Authors:
 [1];  [2];  [3];  [3];  [4];  [5];  [6];  [7];  [8];  [9];  [9];  [9];  [10];  [10];  [11];  [12];  [13];  [14];  [15];  [8] more »;  [8];  [5];  [16];  [17];  [17];  [18];  [19];  [5];  [20];  [5];  [21];  [22];  [15];  [23];  [24];  [25];  [26];  [12] « less
  1. Purdue University
  2. Oregon State University
  3. University of California, Berkeley
  4. University of Toledo, Toledo, OH
  5. Harvard University
  6. Marine Biological Laboratory
  7. Pennsylvania State University
  8. USDA Forest Service
  9. University of California, Davis
  10. Duke University
  11. North Carolina State University
  12. Lawrence Berkeley National Laboratory (LBNL)
  13. University of Nebraska
  14. University of Nebraska, Lincoln
  15. Argonne National Laboratory (ANL)
  16. University of Minnesota
  17. University of Colorado, Boulder
  18. Ohio State University, The, Columbus
  19. Smithsonian Environmental Research Center, Edgewater, MD
  20. ORNL
  21. University of New Mexico, Albuquerque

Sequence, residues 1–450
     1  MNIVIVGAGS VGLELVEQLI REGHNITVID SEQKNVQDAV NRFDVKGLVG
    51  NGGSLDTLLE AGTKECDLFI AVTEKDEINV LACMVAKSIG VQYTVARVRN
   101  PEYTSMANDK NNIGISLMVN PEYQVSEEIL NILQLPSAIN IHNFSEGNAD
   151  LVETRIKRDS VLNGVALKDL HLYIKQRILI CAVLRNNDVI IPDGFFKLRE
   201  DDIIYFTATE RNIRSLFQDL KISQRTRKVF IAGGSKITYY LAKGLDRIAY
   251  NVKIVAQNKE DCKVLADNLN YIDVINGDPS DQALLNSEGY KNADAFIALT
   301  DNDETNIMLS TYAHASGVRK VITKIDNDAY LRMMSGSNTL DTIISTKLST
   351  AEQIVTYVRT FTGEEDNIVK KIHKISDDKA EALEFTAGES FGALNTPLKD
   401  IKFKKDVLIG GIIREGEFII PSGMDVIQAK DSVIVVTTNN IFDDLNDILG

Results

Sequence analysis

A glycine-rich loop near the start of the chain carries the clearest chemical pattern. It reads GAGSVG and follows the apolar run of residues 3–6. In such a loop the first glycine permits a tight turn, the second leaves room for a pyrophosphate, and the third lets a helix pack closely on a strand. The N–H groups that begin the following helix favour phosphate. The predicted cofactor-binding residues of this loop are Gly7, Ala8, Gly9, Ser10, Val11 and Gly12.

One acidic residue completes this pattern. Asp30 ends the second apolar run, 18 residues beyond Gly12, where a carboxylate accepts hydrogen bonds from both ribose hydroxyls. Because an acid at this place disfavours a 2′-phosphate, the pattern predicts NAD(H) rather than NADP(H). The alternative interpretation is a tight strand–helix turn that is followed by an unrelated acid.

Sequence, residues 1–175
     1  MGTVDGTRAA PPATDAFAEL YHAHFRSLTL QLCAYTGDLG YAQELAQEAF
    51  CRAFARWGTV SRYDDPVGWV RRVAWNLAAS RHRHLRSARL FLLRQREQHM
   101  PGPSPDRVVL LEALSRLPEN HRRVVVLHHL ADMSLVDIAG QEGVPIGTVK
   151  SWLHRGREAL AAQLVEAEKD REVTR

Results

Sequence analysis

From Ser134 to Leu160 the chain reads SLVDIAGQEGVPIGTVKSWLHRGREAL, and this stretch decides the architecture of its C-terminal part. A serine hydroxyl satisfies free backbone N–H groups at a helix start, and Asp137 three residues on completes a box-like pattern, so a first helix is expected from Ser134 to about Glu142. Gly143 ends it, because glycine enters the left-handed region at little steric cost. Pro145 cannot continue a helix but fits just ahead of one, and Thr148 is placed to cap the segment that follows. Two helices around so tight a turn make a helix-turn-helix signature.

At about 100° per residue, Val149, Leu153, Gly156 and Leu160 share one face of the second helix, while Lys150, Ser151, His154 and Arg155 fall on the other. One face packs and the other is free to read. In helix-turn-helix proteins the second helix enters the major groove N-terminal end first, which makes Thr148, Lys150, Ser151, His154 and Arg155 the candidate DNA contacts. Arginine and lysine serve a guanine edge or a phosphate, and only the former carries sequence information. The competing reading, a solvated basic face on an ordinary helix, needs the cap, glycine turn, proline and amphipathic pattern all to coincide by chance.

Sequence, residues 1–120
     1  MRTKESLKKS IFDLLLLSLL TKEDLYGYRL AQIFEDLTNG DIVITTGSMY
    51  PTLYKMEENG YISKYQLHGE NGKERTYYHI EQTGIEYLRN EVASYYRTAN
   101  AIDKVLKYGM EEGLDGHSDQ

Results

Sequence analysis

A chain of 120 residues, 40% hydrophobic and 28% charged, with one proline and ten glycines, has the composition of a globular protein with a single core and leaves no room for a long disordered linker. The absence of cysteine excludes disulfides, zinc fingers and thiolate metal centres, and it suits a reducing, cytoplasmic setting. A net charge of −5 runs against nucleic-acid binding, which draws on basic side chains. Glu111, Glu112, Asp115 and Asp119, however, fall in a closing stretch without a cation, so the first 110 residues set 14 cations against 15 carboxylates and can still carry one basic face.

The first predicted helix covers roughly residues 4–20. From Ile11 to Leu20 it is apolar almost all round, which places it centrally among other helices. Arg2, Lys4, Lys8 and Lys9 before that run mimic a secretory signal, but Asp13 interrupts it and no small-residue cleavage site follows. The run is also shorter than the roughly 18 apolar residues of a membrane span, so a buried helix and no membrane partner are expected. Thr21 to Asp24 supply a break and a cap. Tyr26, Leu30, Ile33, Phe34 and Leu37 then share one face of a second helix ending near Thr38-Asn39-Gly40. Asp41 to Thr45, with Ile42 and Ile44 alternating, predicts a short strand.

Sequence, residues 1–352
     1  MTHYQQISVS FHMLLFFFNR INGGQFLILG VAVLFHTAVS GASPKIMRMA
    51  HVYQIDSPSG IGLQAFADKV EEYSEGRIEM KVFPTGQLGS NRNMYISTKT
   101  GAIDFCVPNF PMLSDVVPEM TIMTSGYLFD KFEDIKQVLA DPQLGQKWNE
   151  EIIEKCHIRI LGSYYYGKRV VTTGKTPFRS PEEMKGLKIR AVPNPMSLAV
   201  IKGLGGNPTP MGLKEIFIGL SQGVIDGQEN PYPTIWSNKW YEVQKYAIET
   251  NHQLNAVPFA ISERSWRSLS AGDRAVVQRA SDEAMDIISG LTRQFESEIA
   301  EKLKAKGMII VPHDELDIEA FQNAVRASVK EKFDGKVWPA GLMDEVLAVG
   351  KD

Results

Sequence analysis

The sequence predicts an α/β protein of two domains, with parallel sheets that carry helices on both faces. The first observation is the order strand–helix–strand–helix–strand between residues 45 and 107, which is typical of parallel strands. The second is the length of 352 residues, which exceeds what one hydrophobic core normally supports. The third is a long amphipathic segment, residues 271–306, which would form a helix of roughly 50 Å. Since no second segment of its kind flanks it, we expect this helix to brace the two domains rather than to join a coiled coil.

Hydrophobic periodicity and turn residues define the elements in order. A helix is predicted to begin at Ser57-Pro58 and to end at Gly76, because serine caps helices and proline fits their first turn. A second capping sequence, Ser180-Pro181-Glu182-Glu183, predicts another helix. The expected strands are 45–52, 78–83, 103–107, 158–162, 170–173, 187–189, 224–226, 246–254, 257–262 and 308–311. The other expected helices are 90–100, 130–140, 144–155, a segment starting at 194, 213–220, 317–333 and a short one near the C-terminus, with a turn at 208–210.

22. University of Florida, Gainesville
  23. NOAA, Oak Ridge, TN
  24. San Diego State University
  25. Indiana University
  26. USDA ARS
Publication Date:
Research Org.:
Oak Ridge National Lab. (ORNL), Oak Ridge, TN (United States); Oak Ridge National Environmental Research Park
Sponsoring Org.:
USDOE
OSTI Identifier:
1015080
DOE Contract Number:  
DE-AC05-00OR22725
Resource Type:
Journal Article
Journal Name:
Agricultural and Forest Meteorology
Additional Journal Information:
Journal Volume: 151; Journal Issue: 1; Journal ID: ISSN 0168-1923
Country of Publication:
United States
Language:
English
Subject: